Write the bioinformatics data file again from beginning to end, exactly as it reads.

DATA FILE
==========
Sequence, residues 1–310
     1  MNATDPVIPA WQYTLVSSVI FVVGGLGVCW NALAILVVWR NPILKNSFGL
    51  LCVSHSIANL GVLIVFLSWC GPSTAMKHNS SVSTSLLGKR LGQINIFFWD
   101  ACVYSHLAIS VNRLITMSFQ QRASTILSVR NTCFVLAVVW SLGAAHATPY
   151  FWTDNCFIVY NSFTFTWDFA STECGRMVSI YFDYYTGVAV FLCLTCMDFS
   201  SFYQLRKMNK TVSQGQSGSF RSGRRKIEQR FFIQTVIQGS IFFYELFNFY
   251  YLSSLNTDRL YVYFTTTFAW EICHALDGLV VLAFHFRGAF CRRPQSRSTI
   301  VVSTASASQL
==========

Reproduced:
Sequence, residues 1–310
     1  MNATDPVIPA WQYTLVSSVI FVVGGLGVCW NALAILVVWR NPILKNSFGL
    51  LCVSHSIANL GVLIVFLSWC GPSTAMKHNS SVSTSLLGKR LGQINIFFWD
   101  ACVYSHLAIS VNRLITMSFQ QRASTILSVR NTCFVLAVVW SLGAAHATPY
   151  FWTDNCFIVY NSFTFTWDFA STECGRMVSI YFDYYTGVAV FLCLTCMDFS
   201  SFYQLRKMNK TVSQGQSGSF RSGRRKIEQR FFIQTVIQGS IFFYELFNFY
   251  YLSSLNTDRL YVYFTTTFAW EICHALDGLV VLAFHFRGAF CRRPQSRSTI
   301  VVSTASASQL